This roundup provides quick access to all the PDF proofreading markup articles posted on The Editing Blog.
I should have done this ages ago so apologies to anyone who's had to spend unnecessary time navigating their way around the Stamps archive to see what's available.
I'll keep this updated as new files are added so that there's always one central resource with all the necessary links.
Louise Harnby is a line editor, copyeditor and proofreader who specializes in working with crime, mystery, suspense and thriller writers.
She is an Advanced Professional Member of the Chartered Institute of Editing and Proofreading (CIEP), a member of ACES, a Partner Member of The Alliance of Independent Authors (ALLi), and co-hosts The Editing Podcast.
Visit her business website at Louise Harnby | Fiction Editor & Proofreader, say hello on Twitter at @LouiseHarnby, connect via Facebook and LinkedIn, and check out her books and courses.
It helps if you have a grasp of basic arithmetic if you’re working with financial texts but it’s not essential, argues Louise Bolotin. Understanding context is far more important ...
I’ll be the first to admit that maths is not my strong point. I can tot up a Scrabble score in my head and divide a restaurant bill between four friends, but I only scraped a C in my O-level maths (without a calculator, my grade would have been far lower) and I regularly joke about needing to take my socks off to count past 20. Numerate I am not. Yet, for the past 12 years I have built up a flourishing specialism editing financial books and reports for a range of clients, from publishing houses to investment banks.
I was already an experienced copy-editor when I took a job at a major investment bank in the Netherlands. I was appointed for my editing skills, of course, and hadn’t the first idea about banking beyond my lay knowledge as a high street bank customer.
Was I nervous? Understatement. Colleagues in the editing team checked over my work during my first week on the job, but couldn’t save me from errors such as mistaking “flattening” for “flattering” when talking about financial results (the first means the figures are down, the latter up). Who knew one letter could paint such a massively different picture of a company’s financial health?
In my favour, I managed not to move any decimal points in the actual numbers, which could have had a disastrous effect on a company’s share price. After that, I was on my own – part of a team but expected to be able to handle the work without being nannied.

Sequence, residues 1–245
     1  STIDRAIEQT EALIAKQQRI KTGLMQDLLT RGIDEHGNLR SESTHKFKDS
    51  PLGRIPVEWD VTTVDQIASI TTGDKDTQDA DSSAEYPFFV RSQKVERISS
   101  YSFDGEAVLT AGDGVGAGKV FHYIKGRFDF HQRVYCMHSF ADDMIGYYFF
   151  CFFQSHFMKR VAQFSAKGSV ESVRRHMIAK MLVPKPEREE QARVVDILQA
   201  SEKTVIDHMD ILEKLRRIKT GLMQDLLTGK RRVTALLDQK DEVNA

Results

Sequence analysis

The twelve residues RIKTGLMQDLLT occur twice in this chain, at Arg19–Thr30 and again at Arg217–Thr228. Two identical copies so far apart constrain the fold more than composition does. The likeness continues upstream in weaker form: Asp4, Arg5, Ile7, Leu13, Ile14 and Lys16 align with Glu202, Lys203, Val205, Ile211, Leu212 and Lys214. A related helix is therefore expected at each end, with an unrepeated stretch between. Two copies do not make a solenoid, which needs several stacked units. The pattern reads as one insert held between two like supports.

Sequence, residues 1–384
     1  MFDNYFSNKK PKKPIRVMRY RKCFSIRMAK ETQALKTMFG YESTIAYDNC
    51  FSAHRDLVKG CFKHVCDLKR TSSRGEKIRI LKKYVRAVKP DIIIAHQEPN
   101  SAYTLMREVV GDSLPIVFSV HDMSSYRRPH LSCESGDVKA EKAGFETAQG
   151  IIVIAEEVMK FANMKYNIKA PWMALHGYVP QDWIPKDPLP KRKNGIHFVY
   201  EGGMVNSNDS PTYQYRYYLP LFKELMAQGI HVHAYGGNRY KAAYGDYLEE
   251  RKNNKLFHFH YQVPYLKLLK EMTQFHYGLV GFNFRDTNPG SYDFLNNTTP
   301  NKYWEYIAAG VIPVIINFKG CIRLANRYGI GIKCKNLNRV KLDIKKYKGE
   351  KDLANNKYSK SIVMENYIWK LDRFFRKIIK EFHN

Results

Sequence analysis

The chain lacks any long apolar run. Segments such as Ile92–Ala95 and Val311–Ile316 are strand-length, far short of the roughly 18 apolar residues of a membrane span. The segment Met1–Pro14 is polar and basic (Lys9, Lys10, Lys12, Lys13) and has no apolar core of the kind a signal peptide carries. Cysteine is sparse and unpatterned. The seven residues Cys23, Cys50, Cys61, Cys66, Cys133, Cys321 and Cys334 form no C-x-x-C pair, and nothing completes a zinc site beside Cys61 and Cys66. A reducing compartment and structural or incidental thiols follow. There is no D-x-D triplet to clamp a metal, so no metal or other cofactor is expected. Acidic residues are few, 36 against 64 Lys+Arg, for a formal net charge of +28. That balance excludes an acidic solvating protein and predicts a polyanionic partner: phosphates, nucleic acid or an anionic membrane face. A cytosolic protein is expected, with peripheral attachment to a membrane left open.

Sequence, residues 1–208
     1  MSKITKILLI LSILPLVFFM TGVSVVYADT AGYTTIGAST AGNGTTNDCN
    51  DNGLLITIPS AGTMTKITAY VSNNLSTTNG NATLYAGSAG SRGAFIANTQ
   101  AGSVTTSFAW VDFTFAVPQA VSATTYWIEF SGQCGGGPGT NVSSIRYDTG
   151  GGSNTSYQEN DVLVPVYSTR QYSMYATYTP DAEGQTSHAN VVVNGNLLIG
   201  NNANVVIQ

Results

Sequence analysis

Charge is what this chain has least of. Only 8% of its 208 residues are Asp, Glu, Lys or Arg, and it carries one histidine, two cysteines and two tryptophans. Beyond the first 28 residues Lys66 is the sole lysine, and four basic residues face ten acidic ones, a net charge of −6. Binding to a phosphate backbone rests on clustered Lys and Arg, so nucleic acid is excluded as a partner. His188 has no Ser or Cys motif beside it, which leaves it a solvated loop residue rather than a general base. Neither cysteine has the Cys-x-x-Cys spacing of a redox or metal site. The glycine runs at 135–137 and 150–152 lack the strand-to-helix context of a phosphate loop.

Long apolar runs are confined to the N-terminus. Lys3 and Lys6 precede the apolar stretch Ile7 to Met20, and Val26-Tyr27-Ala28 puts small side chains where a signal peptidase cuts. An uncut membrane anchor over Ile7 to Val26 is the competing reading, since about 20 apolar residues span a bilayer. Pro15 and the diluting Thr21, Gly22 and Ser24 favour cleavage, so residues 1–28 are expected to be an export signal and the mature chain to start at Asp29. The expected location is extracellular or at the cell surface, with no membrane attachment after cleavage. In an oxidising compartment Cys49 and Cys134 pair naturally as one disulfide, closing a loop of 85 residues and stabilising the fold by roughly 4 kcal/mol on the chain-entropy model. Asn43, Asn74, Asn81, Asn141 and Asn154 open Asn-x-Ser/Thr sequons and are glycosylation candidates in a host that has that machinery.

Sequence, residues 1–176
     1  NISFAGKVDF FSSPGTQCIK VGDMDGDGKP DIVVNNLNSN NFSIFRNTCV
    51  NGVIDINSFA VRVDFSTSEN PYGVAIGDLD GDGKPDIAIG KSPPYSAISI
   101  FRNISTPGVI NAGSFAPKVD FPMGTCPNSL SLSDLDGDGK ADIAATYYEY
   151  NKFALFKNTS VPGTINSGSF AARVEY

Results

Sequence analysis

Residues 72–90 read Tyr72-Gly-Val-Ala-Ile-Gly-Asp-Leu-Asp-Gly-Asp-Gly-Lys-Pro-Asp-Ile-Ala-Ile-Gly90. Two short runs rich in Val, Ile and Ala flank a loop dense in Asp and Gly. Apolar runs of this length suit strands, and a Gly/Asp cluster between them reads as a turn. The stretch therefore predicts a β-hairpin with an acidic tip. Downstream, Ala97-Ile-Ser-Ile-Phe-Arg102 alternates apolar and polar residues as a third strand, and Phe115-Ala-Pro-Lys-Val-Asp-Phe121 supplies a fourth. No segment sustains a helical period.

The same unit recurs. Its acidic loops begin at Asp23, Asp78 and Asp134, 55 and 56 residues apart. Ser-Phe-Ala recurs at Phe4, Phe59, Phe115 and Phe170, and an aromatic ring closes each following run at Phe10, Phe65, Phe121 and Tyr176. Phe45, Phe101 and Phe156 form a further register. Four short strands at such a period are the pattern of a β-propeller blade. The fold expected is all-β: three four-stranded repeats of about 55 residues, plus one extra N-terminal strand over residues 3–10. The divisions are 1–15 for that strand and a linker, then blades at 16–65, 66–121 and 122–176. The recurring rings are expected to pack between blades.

My boss sent me on a training course – I spent five days alongside a dozen City whizz-kids (all male) learning how to calculate the equity value of a company (that’s basically the share price to you, dear reader) – but by then I’d already been in the job five months.
I finished the course unable to complete those vital calculations (did I mention I’m innumerate?) but what the training did do was give me a very deep understanding of the context and I left with the skill of being able to cast a swift eye over a profit and loss sheet and spot any glaring errors.
If I’m honest, I was finally able to understand it. In short, the course knocked off the last rough edges.
Most financial editing is not figures but text, of course, and as with any other subject a solid understanding of the topic is what matters. It doesn’t matter too much if you can’t calculate the equity value of a company – what does matter is understanding what equity is (the value of an asset after any debt attached to it is paid off) and what it means to the intended readership.
Thus, knowing that return on equity (ROE) is basically how much profit or dividend an investor will earn from their shares in a given financial period and why it differs from return on investment (ROI, a metric used to calculate how efficient an investment is, i.e. is the investment delivering gains) or return on assets (ROA, an indicator of how profitable a company is relative to its total assets) is critical.
As another example, it pays to know the difference between ROE and ROCE, the latter standing for return on capital employed, which is a ratio that indicates the efficiency and profitability of a company's capital investments.
As you can see, finance, like many other specialist topics, has its own language. There are a lot of acronyms that need to be learned and understood, not to mention some very arcane jargon. Even I struggle to remember exactly what a “dead cat bounce” is (a small, temporary recovery in a declining share price), and don’t ask me why it’s called that as I haven’t the foggiest. Understanding how capital works and the above-mentioned concepts and their ilk is probably more important than the actual numbers.
With investment banking, which is my specialism, there are never any guarantees and nothing is predictable. You can suggest, but you can’t promise. So if your author writes, “when tomorrow’s results are announced the share price will go up” your job is to change it to, “when tomorrow’s results are announced the share price is expected to rise”.